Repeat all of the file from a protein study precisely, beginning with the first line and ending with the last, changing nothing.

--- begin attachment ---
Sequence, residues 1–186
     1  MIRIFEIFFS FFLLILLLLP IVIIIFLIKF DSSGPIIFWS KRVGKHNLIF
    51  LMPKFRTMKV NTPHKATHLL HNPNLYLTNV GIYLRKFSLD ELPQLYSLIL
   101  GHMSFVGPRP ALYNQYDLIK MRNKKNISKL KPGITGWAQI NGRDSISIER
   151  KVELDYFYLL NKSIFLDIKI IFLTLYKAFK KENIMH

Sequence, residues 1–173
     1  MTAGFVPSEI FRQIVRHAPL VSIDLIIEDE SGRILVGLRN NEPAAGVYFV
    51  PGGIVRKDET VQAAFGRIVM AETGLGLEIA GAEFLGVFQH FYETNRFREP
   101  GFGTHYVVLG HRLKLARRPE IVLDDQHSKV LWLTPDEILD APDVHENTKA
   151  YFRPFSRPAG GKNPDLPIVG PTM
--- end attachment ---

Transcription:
Sequence, residues 1–186
     1  MIRIFEIFFS FFLLILLLLP IVIIIFLIKF DSSGPIIFWS KRVGKHNLIF
    51  LMPKFRTMKV NTPHKATHLL HNPNLYLTNV GIYLRKFSLD ELPQLYSLIL
   101  GHMSFVGPRP ALYNQYDLIK MRNKKNISKL KPGITGWAQI NGRDSISIER
   151  KVELDYFYLL NKSIFLDIKI IFLTLYKAFK KENIMH

Sequence, residues 1–173
     1  MTAGFVPSEI FRQIVRHAPL VSIDLIIEDE SGRILVGLRN NEPAAGVYFV
    51  PGGIVRKDET VQAAFGRIVM AETGLGLEIA GAEFLGVFQH FYETNRFREP
   101  GFGTHYVVLG HRLKLARRPE IVLDDQHSKV LWLTPDEILD APDVHENTKA
   151  YFRPFSRPAG GKNPDLPIVG PTM